My love affair with Dumaguete started the moment I set foot on its shores. I love her, love her, love her!
But this love affair is nothing to the fire and passion between this City and Prof. David Padilla, a professor in the College of Law of Silliman University.
Let me share with you what he had written about our beloved ...
"I suppose it’s a bit odd to be sitting and proctoring a three-hour final examination on the law of corporations in a classroom in Kigali, Rwanda while musing about Dumagete on Negros Oriental in the Philippines. But my life has sort of gone that way since retiring as a lawyer and becoming an itinerant college professor.
But Dumaguete is special. Not to take anything away from Kigali or Pretoria or Miami, where I also teach each year. Dumaguete, a city of maybe 100,000 people, an hour’s flight south of Manila, is the home of Silliman University where I first taught two years ago on a Fulbright. Now I go back each year as long as they’ll have me.
The place is a noisy, joyful, unvarnished tropical paradise, a mix of Asia and pop western culture where Catholics and Buddhists meet and marry, do business and play.
These jottings are not only a reflection of the pleasant nostalgia I feel for Dumaguete and Silliman University, but also the fulfillment of an overdue promise to my friend Ipe Remollo, the ex-Mayor, who one evening at his home while listening to the visiting Manila Symphony Orchestra, said to me in so many words – “If you’re so crazy about our town why don’t you write about it?” I said “OK”. And here it is, more than a year later.
Dumaguete, home to four universities, sits on the Sea of Tanon on the Pacific Ocean. It’s located in Negros, one of more than hundreds of islands in a cluster called the Visayas. The town is a port and its Boulevard runs the curve of the sea.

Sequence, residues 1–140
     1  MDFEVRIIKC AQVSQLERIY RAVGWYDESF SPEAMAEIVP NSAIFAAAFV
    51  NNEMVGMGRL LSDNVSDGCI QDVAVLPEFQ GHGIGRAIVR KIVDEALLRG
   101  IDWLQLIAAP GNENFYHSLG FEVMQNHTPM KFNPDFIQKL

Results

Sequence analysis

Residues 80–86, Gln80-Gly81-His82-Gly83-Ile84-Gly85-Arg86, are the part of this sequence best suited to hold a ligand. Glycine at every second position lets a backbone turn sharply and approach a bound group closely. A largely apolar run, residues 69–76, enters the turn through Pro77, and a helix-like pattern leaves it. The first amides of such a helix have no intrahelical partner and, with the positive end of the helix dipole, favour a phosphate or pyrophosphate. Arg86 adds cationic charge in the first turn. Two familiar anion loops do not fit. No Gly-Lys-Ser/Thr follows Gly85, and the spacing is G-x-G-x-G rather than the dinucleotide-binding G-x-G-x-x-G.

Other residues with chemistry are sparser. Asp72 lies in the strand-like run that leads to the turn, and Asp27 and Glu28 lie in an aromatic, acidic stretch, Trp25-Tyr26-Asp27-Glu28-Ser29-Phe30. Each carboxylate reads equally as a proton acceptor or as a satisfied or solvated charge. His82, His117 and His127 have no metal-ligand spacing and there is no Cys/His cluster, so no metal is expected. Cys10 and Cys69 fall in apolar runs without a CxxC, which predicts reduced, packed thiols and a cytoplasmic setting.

The streets are a controlled chaos of motorbike-propelled tricycles and thousands of mostly university students mounted on motor scooters weaving in and out of traffic. Despite the law, virtually no one wears a helmet. A two-kilometer ride in a colorful tricycle carriage will set you back 12 cents. There are no traffic lights and only one stop sign, a home made job a resident placed in front of his home.
Yet everything moves, the streets are teeming and, amazingly, there are very few mishaps. Nothing is more delightful than to sit at an open air cafe on the Boulevard to watch single-man bancas and large white pump boats with graceful outriggers bob on the water. From there one's eyes drift to the vehicular madness of the roadway, endless, joyous, confused but functional.
Dumaguetenos are so polite. I’ve yet to see an accident, and have never witnessed an argument. And while I’ve never seen a youth carded at a bar, I’ve also never seen drunken students causing a ruckus.
I’ve never heard bad language, at least in English which is widely spoken and along with Tagalog is one of the country’s official languages. I should hasten to add that in these parts people speak a Visaya dialect they refer to as Cebuano – named for Negros’closest sister island – Cebu.
Of course there is the natural beauty of the place. The palms, the flowering trees, the lianas and bougainvillea which soften and give charm to the architectural hodgepodge of new and old, modern and Spanish colonial buildings and homes. And the mountains and nearby waterfalls and the thermal energy taken from the earth which powers the island’s electrical system.
And if you stand in the sun at midday you will perspire. But step into the shade and the sea breeze will put things right.
But let me return to the people and the food and the music, and inevitably, the cost of living.
Men are called “Sir,” and ladies, “Maam.” Students rise to recite in class, and smile naturally. Please and thank you, good morning and “bless you” are the universal civilities, not just on campus, but on the street and in the shops of Dumaguete. A child on meeting an adult takes the back of the elder's hand and presses it to his forehead and bows out of respect. Across
the parking lot at the municipal airport there is a sign on a somewhat dilapidated eatery
that says, “Welcome to Dumaguete – Home of the Gentle People.” And it is true.
There may be corruption in Manila, but I’ve never encountered it in Dumaguete. And
while friends, and I’ve made some good ones, descry crime in Dumaguete, for a boy who
spent the first half of his life in Detroit, and the second in Washington, D.C. with stints in